Gordon Johnson, Extension Vegetable & Fruit Specialist; email@example.com
There is a demand for local, spring-harvested broccoli in our region. However, growing spring broccoli to commercial standards is a challenge due to heat effects during head formation which causes defects such as brown bead, uneven heads (knuckled), loose heads, and premature flowering. This renders heads unmarketable. Spring plantings also have shown limited head holding ability as temperatures reach into the 90s.
Temperature variability is the main challenge for spring broccoli. Broccoli is a cool season plant and is best adapted to areas with consistent temperatures during head development where days are warm, not hot, and nights are cool. On Delmarva, high temperatures during head initiation in the spring leads to abnormal floret development. Temperatures more than 88°F can cause damage to florets in sensitive varieties.
More heat tolerant varieties have been developed and were tested in 2017 spring trials. There were 22 varieties tested in two 2017 spring trials. Plants were transplanted to the field on April 3 for planting 1 and April 17 for planting 2. Plots were harvested from the May 31 to June 19 in planting 1 and June 8 to June 26 in planting 2. Plots were harvested as crown cuts. Target head size was 4+ inches in diameter and heads were cut 1 inch below the lowest floret attachment. Data collected included marketable and cull head number and weight, crown diameter, crown height, head uniformity ratings, head evenness ratings, hollow stem incidence, and brown bead ratings. Descriptive characteristics included color and dome shape.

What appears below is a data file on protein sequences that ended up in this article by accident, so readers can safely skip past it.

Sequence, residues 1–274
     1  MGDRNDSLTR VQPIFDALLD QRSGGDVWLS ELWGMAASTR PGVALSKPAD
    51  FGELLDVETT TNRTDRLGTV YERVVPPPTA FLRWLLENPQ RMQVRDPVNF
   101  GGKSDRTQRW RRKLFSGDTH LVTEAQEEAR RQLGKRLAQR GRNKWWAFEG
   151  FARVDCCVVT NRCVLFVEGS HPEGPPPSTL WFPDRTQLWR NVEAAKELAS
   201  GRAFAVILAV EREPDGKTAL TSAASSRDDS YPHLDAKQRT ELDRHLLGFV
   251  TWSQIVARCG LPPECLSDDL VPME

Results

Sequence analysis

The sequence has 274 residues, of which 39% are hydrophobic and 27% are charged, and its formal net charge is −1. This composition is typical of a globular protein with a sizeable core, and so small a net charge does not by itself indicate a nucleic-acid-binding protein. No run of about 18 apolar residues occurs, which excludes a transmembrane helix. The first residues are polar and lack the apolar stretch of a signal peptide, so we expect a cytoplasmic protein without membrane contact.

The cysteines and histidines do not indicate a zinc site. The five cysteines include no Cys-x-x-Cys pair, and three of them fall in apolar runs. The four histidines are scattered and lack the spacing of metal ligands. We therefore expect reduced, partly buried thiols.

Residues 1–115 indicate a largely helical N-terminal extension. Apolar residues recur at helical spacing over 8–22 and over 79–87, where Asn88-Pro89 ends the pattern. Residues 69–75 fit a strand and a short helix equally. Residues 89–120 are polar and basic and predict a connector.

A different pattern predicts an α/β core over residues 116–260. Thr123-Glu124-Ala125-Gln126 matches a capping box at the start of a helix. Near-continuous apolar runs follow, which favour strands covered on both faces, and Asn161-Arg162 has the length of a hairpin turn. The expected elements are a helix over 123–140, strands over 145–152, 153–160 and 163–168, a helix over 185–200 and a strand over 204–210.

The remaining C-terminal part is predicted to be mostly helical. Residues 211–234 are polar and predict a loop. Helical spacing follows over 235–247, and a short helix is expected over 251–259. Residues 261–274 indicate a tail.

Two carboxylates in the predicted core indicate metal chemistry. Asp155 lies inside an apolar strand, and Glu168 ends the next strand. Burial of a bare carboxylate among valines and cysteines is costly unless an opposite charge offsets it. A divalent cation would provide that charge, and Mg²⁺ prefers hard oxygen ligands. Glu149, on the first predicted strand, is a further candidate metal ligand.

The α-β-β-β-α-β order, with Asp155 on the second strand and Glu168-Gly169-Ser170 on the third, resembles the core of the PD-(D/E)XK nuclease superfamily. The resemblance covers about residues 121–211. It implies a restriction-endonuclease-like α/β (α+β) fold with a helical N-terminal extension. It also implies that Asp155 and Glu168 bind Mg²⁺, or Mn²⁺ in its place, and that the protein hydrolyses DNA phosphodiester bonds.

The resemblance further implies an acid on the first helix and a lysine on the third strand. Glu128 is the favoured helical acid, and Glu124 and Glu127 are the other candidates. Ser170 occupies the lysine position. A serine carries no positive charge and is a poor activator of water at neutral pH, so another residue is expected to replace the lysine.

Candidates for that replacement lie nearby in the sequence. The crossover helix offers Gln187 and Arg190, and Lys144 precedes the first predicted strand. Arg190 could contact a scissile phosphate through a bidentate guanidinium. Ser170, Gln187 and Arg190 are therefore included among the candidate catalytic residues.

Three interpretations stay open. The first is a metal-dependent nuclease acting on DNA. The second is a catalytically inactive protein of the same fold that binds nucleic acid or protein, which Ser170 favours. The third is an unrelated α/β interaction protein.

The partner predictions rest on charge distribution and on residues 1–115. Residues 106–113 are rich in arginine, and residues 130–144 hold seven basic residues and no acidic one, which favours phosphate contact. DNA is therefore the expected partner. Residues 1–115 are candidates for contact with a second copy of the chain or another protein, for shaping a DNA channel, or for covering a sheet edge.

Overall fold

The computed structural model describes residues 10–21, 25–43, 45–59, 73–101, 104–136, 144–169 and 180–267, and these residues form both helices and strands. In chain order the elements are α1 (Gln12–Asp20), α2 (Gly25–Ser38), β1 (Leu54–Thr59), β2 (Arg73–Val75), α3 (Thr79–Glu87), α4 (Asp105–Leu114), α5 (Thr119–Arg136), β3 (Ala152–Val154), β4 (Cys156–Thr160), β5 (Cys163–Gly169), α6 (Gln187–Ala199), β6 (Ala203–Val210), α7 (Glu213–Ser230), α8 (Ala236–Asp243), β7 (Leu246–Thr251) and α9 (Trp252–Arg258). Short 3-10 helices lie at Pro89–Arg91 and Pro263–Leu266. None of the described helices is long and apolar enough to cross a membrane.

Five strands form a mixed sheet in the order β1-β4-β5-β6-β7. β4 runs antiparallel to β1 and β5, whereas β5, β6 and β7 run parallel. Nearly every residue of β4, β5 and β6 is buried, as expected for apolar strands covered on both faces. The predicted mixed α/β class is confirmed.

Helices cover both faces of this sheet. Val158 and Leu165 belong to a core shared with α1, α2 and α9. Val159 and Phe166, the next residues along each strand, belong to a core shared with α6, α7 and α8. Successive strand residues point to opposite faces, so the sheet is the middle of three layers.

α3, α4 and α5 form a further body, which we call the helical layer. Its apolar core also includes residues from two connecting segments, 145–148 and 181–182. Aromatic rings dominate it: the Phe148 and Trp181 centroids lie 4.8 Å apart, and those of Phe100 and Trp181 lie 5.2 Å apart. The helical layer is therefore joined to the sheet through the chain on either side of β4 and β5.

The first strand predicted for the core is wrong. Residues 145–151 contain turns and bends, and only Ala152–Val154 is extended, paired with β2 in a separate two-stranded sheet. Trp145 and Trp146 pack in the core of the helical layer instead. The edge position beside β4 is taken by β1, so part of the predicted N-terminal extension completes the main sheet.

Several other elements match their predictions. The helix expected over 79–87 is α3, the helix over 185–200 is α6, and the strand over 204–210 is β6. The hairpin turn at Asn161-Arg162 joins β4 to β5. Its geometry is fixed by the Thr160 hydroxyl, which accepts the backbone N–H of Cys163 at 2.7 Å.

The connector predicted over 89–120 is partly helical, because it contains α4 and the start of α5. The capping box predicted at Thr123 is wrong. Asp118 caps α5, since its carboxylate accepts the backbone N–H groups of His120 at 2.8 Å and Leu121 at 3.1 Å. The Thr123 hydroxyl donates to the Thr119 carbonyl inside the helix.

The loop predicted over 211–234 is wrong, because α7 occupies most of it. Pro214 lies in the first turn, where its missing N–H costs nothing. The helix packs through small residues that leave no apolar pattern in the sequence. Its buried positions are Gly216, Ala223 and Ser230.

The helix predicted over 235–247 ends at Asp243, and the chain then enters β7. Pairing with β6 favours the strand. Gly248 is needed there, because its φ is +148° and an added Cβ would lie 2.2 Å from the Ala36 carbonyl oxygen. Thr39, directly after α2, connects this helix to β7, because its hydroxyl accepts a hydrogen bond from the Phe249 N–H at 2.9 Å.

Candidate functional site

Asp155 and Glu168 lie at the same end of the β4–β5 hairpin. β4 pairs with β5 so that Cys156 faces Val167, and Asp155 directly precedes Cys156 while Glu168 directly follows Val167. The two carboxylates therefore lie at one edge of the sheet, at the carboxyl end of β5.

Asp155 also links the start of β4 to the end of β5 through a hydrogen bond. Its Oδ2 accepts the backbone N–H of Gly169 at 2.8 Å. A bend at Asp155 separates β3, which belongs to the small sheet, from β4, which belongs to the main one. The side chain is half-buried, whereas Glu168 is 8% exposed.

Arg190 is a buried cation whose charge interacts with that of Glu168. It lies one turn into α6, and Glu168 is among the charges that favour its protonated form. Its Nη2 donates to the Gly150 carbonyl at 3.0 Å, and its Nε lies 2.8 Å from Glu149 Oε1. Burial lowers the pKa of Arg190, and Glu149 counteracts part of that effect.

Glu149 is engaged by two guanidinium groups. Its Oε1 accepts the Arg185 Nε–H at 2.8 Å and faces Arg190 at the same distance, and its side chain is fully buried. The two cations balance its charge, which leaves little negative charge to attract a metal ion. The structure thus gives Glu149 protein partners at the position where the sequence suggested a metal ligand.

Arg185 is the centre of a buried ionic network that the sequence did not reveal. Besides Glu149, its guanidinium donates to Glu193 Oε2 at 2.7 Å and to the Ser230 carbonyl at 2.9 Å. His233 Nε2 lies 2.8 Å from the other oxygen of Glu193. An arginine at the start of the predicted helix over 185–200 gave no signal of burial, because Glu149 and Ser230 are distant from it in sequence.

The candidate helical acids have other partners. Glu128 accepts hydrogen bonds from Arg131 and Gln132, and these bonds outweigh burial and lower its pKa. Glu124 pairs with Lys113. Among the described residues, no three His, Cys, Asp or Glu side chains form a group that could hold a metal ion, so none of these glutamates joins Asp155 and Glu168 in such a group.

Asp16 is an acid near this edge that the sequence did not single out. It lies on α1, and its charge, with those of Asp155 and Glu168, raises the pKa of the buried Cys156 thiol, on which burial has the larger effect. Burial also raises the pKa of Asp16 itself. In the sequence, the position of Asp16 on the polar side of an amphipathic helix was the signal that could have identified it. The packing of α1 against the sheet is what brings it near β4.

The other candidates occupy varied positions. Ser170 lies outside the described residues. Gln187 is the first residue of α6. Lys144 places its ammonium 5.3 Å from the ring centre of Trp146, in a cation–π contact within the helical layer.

Uneven floret development and brown bead in a variety with most heads unmarketable.
In the April 3 planting, Eastern Crown had the highest marketable yield with 467 boxes per acre and 9 % cull. Luna also yielded over 400 boxes per acre (452). Yields of other varieties tested were below 400 boxes per acre in trial 1. In the April 17 planting, Millenium significantly out yielded all varieties with 641 boxes per acre and 0 percent culls. Other varieties yielding over 400 boxes per acre were Eastern Crown, and Emerald Crown (488 and 423 respectively). Gypsy and Iron Man had the most uniform marketable heads. Destiny, Eastern Crown, and Green Gold had the highest ratings for brown bead. Diplomat, Gypsy, and Imperial had significant hollow stem. Iron Man, Gypsy, Everest, Emerald Jewel, Emerald Crown, and Diplomat had the highest ratings for head evenness.
For a full report on the 2017 trial go to http://extension.udel.edu/ag/vegetable-fruit-resources/vegetable-small-fruits-program/variety-trial-results/
Broccoli trials are being repeated in 2018 with later planting dates to better assess varieties under heat stress.
Broccoli marketable yields and cull percent, UD-REC, Georgetown, Spring 2017, April 17 planting (heat stressed).